A new project funded by Natural England and Yorkshire Water is investigating new ways of diversifying Molinia-dominated blanket bogs by using a simple treatment such as flailing followed by the application of sphagnum beads directly onto the Molinia.
This invasive plant is traditionally dealt with by a combination of burning, poisoning, flailing, followed by possible repeat cycles of these and then a final bout of heather seed spreading.
The first stage of the project from January – March 2014, will involve surveying for existing sphagnum colonies on three moors of the South Pennines with set-up involving volunteers and sphagnum identification experts.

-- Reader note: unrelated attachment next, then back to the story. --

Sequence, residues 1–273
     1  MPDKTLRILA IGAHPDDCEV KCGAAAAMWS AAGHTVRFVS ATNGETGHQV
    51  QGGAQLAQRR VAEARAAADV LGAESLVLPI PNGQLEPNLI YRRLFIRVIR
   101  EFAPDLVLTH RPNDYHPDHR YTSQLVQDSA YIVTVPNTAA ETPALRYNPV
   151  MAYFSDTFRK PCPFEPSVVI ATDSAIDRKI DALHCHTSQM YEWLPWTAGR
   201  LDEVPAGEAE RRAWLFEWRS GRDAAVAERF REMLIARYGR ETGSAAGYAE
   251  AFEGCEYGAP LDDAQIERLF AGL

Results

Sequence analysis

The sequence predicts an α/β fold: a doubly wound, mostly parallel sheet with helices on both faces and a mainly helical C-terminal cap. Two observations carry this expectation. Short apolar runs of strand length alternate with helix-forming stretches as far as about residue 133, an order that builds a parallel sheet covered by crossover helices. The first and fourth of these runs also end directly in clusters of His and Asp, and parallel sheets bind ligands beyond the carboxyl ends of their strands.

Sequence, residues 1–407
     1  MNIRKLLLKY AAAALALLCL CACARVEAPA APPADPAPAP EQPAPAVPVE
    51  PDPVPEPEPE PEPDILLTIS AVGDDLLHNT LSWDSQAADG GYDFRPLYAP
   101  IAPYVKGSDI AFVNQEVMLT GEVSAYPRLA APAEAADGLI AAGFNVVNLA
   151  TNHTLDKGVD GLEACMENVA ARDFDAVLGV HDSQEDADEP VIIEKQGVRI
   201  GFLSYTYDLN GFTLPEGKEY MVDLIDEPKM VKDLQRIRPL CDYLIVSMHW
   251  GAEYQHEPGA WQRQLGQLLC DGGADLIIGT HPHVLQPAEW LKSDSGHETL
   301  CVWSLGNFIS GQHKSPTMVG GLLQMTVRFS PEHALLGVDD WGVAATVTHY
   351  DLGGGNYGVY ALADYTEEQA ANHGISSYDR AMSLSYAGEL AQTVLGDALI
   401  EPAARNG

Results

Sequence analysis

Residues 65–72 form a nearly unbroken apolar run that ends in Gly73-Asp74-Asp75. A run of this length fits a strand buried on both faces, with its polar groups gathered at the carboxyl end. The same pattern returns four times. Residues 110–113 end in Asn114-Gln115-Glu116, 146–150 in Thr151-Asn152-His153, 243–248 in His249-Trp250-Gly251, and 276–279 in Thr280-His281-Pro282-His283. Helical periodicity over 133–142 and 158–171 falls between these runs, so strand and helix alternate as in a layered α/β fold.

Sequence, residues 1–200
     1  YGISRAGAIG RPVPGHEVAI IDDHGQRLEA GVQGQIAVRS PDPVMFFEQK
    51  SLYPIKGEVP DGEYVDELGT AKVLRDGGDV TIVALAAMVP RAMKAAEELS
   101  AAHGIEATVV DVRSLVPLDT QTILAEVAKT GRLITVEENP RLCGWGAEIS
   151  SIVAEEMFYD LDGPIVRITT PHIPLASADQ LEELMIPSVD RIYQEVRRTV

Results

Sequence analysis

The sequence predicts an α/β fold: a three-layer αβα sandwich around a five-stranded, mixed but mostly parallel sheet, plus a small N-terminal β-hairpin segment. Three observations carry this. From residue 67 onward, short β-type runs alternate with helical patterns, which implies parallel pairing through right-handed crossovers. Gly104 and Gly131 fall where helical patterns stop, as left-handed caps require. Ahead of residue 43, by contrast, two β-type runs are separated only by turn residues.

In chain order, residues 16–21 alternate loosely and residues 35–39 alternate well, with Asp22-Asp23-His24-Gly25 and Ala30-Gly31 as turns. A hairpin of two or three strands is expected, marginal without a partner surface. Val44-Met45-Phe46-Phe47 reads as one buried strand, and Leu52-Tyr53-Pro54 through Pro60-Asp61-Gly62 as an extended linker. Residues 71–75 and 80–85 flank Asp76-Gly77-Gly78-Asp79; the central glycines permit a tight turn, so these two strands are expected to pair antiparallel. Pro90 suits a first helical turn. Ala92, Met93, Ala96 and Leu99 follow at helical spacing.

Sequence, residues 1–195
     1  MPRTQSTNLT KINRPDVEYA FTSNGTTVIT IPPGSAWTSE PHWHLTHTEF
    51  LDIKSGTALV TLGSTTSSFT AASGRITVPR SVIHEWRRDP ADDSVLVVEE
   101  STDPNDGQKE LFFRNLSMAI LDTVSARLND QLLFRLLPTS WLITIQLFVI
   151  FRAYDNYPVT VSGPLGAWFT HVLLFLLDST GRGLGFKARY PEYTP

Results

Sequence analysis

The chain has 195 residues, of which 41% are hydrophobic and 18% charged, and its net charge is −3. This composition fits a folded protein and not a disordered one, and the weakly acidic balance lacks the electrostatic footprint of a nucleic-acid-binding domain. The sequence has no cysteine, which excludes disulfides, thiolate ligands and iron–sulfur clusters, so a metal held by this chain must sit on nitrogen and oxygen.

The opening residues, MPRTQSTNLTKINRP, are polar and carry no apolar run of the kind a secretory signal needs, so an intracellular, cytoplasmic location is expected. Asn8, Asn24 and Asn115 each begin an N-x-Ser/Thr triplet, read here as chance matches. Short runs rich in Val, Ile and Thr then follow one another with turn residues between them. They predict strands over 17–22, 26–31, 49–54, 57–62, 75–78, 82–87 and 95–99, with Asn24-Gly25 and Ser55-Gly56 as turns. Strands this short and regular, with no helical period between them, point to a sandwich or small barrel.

The project also involves a desk-based study of the efficacy of the Partnership’s restoration techniques over the last few years in diversifying damaged, often bare areas of peat on the blanket bogs, including an assessment of data as part of the MoorLIFE project.
Both parts of the study will also contribute to Natural England’s assessment of blanket bogs; whether the blanket bog can be given the coveted “Favourable Condition” status indicating that has been returned to a healthy, sustainable condition.